As to frying pans. I only use "black iron". It is none stick and lasts forever. Not for the dishwasher though.

john

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Re: Pots/Pans

#194725

Postby todthedog » January 19th, 2019, 6:33 am

Blimey, I did have a look at the price, do you get a cook included in that price!! :o :D

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Re: Pots/Pans

#194729

Postby swill453 » January 19th, 2019, 7:13 am

todthedog wrote:Blimey, I did have a look at the price, do you get a cook included in that price!! :o :D

You don't even get lids.

Scott.

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Re: Pots/Pans

#194803

Postby Lanark » January 19th, 2019, 1:09 pm

Eva Trio stainless steel
https://www.davidmellordesign.com/cooki ... e/eva-trio

Eva Trio are cheaper than Le Creuset and Mauviel and in my opinion are better made.

The handles are welded on so theres no rivet holes to leak or collect dirt - the welds are very stong going almost all the way through the pan.
The lids are flat which means you can hang them up or stack the pans in a cupboard.

Mine are 30 years old and (after a quick polish up) they still look new!

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Re: Pots/Pans

#195154

Postby GJHarney » January 20th, 2019, 10:37 pm

Far too late in my cooking life (and after constant disappointment with non-stick coatings) I discovered spun iron, half the weight of its cast cousin, can be used on all hobs, very easy to maintain excellent non-stick properties and very hard wearing, and best of all you can get good value quality examples made in the UK from people likes these - https://www.netherton-foundry.co.uk/

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Re: Pots/Pans

#195623

Postby genou » January 22nd, 2019, 4:32 pm

Damn, this is hard. I had a potter in town yesterday, and was coming round to Vogue saucepans; this sort of thing https://www.nisbets.co.uk/vogue-tri-wal ... 500ml/y245 .

I suppose the argument is whether their heat distribution is as even as Mauviel / Eva. The price is sort of secondary - if it will last 35 years, as the existing LeC has ( and shows no sign of failing ) it's a investment I'm prepared to make.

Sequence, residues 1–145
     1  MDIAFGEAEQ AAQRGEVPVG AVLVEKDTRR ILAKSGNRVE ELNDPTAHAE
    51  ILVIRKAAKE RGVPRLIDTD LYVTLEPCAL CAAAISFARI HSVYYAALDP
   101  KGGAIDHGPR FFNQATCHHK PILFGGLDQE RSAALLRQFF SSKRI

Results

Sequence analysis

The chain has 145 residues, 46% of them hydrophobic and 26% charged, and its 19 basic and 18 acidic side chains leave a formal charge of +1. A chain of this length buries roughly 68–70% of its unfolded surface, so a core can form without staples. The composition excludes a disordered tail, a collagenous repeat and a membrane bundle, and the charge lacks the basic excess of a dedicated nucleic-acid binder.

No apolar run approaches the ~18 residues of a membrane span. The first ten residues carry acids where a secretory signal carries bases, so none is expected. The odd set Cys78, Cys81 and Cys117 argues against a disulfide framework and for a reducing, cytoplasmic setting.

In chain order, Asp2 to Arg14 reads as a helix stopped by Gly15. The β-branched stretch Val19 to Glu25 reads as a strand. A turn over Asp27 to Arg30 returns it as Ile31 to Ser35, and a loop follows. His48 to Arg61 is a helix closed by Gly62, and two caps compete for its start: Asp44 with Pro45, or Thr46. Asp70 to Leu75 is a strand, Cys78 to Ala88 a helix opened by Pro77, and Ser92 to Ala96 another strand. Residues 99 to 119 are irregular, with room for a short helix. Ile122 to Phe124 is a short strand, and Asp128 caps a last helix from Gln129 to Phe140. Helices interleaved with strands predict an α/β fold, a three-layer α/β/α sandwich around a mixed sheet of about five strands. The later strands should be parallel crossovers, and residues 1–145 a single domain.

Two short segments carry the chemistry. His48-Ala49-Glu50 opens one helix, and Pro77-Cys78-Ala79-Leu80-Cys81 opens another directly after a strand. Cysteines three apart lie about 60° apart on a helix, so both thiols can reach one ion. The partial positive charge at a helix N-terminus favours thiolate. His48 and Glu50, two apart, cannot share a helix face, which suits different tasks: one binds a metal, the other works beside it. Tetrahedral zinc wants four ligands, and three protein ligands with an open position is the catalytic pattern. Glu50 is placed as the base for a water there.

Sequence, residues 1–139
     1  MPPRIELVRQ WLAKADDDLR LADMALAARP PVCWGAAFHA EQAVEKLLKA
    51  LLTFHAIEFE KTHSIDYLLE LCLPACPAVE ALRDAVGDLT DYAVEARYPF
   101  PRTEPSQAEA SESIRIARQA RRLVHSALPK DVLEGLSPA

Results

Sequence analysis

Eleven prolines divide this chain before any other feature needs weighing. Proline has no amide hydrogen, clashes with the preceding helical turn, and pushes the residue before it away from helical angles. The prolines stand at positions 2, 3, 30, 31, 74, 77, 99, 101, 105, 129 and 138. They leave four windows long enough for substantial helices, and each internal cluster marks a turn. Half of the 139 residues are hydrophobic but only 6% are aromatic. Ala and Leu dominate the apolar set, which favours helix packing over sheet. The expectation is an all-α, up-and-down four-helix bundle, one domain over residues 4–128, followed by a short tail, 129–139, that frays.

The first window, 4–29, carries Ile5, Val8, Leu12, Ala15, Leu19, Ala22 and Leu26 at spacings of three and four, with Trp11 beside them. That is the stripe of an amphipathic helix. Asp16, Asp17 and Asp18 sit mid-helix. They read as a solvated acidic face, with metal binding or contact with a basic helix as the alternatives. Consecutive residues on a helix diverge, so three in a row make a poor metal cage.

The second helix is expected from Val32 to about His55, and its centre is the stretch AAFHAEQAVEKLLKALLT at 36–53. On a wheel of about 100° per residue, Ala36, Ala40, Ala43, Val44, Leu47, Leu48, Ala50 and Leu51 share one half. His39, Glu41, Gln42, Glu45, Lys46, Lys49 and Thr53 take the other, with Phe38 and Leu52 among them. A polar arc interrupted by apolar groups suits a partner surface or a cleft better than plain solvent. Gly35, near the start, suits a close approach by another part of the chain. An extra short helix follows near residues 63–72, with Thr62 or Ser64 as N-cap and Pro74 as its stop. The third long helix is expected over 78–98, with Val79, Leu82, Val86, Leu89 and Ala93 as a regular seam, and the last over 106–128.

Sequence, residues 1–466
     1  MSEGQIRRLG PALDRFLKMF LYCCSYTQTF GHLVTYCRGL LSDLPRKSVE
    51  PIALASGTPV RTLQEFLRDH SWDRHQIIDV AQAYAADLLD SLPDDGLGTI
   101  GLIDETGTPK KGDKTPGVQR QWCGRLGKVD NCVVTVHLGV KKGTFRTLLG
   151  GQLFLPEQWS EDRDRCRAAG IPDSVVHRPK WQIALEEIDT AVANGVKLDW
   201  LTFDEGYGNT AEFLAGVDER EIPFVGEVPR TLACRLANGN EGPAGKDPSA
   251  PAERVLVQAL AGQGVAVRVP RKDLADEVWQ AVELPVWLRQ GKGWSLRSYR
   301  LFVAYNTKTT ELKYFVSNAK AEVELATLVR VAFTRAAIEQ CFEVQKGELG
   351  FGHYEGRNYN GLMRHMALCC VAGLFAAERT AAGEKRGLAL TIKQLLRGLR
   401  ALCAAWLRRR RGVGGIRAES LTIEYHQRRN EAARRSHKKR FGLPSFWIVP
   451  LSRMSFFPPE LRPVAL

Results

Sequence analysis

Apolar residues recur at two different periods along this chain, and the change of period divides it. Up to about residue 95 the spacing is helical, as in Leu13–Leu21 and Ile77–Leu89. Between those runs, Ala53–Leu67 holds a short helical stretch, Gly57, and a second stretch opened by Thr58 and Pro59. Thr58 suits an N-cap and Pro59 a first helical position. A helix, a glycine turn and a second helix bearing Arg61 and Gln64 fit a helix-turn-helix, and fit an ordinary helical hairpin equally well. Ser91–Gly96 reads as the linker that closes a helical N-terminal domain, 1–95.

Quite fancy the combination here https://www.nisbets.co.uk/search/?text=k762 for veg, particularly if I want to part cook and hold it.

I would probably have settled for their De Buyer black iron as well, but that Netherton stuff looks seriously interesting. This https://www.netherton-foundry.co.uk/sho ... -casserole at 1kg is 500g lighter than my current LeC pan with the same cooking surface.

Decisions, decisions......

I'm grateful for all the contributions.


P.S. I went to the length of weighing my existing stuff; the 23cm saucepan, with lid, comes in at 3.14 kg

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Re: Pots/Pans

#195635

Postby UncleEbenezer » January 22nd, 2019, 5:13 pm

Is this of any interest, or is it more like what you're moving away from?

genou
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Re: Pots/Pans

#195924

Postby genou » January 23rd, 2019, 7:08 pm

UncleEbenezer wrote:Is this of any interest, or is it more like what you're moving away from?



Wow! And I thought Le Creuset were on the heavy side. 180 degrees the wrong way, I fear. Good video though.

OH has now pointed out that Mauviel are trivially cheap compared to new golf clubs. First I knew that she was after a new set; this is getting more expensive by the day.......